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Earning a Master’s Degree By Balancing Work and Education

27 Jul 2017

Continuing your education will help advance your career and while it certainly won’t be easy, there are many possibilities to earn a master’s degree without compromising your career. Many employers recognise the value in continued education for their employees, and even more so if the programme does not take employees away from the job responsibilities.


As a leading private medical and health sciences university in this region, the International Medical University (IMU) offers weekend postgraduate programmes, providing an opportunity for working adults to enhance knowledge and work-ready skills for advancing their careers in Industry or Academia. One of these programmes is Master of Science in Analytical and Pharmaceutical Chemistry (MAPC).


Jeyashanthini Nalaiya, an assistant manager at a local pharmaceutical company, earned her master’s degree in Analytical and Pharmaceutical Chemistry with distinction from IMU. She said, “The programme gave me an opportunity to carry out my research project at my work place under the co-supervision of an experienced researcher in my company. The programme gave me the flexibility to balance out my work with my studies. I was given the option to choose the field of research that is best suited for my workplace needs and area of interest and expertise.” Wong Hiew Yi, a regulatory affairs executive, alumna of the University of Strathclyde and a graduate student at IMU, is currently pursuing her postgraduate studies in Analytical and Pharmaceutical Chemistry. Wong said, “One of the main hurdles for students considering to pursue postgraduate education while retaining their full-time job is to find schools that accommodate their work schedule. The weekend classes are supplemented with an excellent e-learning platform that enabled me to manage my time for both work and learning. I am impressed with the support and guidance of the faculty which helped me to sail through the first two semesters of my study with ease and I hope to excel in the research area of my interest in the final semester.”


“As the classes are delivered on weekends, I was given the opportunity to utilise my time during the weekdays to be a part of an on-going research project for the discovery of neuroprotective agents. As a research assistant, I am able to apply the knowledge and skills obtained through the programme’s coursework while carrying out the externally funded research project under the close supervision of principal investigator,” said Tan Khaishin.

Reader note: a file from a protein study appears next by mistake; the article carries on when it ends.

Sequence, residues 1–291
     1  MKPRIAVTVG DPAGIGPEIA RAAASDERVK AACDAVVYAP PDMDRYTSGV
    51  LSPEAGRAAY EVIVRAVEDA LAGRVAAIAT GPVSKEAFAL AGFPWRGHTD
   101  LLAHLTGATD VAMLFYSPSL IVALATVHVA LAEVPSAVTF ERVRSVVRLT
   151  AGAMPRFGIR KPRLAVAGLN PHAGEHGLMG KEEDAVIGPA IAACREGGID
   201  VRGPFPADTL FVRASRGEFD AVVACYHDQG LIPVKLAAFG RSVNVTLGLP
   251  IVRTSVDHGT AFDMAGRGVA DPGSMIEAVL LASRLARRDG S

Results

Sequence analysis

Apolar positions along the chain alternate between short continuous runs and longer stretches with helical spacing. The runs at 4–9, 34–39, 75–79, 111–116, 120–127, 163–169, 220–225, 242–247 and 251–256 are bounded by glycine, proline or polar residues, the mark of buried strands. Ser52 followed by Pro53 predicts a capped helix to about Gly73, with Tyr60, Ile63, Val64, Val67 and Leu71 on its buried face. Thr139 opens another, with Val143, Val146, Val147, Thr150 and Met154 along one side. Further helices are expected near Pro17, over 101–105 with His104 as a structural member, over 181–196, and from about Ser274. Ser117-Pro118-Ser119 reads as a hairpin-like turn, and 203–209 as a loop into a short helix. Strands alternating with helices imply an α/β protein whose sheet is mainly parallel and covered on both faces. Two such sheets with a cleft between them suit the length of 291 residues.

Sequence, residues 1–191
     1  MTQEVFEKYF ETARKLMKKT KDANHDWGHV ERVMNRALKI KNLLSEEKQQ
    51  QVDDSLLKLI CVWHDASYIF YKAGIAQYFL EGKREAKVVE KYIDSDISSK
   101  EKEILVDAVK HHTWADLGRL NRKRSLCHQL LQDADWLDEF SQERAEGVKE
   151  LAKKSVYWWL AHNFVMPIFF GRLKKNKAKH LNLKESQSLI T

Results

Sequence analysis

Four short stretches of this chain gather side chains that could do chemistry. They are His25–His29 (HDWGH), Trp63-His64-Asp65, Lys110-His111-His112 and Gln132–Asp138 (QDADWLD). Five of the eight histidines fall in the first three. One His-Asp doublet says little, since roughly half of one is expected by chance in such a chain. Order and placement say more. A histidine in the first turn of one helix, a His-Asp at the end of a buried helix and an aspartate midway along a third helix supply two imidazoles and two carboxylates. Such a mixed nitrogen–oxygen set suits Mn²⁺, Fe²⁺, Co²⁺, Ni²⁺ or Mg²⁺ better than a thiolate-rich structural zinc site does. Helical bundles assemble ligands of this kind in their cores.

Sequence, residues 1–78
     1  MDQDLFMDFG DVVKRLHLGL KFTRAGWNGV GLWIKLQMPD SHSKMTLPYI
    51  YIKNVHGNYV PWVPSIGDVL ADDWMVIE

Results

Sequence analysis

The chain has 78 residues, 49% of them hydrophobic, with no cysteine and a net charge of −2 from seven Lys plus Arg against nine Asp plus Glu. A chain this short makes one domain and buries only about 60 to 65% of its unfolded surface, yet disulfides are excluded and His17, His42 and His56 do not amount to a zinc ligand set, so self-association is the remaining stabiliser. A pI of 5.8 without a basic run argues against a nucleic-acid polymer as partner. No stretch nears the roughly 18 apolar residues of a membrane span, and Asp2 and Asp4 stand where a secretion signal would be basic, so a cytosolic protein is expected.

After completing his undergraduate course at University of Queensland, Khaishin progressed to a master’s degree at IMU and recently graduated with distinction in MAPC. “Earning a distinction means a lot to me. It makes my graduation unique and memorable,” he said.



“During the course I had the opportunity to enhance my knowledge and skills in the area of drug design and synthesis. The well-designed CAL sessions with hands-on training in molecular modelling using Schrodinger, an industry leading software, helped me to carry out an independent project which resulted in a good publication,” said Ahmad Junaid. After completing his Master’s degree with distinction in Analytical and Pharmaceutical Chemistry in IMU, Junaid obtained scholarship from Monash University Malaysia to pursue his PhD. Yamen Al Khateeb, an international student from Syria, said, “My employer sponsored my masters to advance my skills in the research area of bioavailability and pharmacokinetics of investigational new drugs. The IMU has excellent reputation in Medical and Health Sciences education along with good research facilities with access to sophisticated equipment, such as HPLC, LCMS and NMR, and faculty with years of experience in industry. Hence, I chose to pursue my masters at IMU”. Yamen recently obtained Master’s degree and would like to earn his PhD in the near future.


According to Muna Ali Othman Salem, a pharmacist from Libya, “postgraduate studies at IMU expanded my knowledge and skills in separation sciences, drug design and synthesis. I also had the opportunity to carry out part of my research project in a well-established research university on collaboration. This opportunity helped me to develop a range of essential skills to carry out bioassays for pharmacological evaluation of small molecules”.


The MAPC programme was developed primarily for working adults who would like to upgrade their qualifications while working full-time. Through this course the student will be able to acquire specialised knowledge and skills in modern analytical techniques which could be used to detect, identify and quantitatively determine drugs and related substances. This mixed mode master’s programme, delivered only on weekends, also attracts fresh graduates. The minimum duration of this programme is 18 months with an option for the students to enrol into either the entire course or selected modules.

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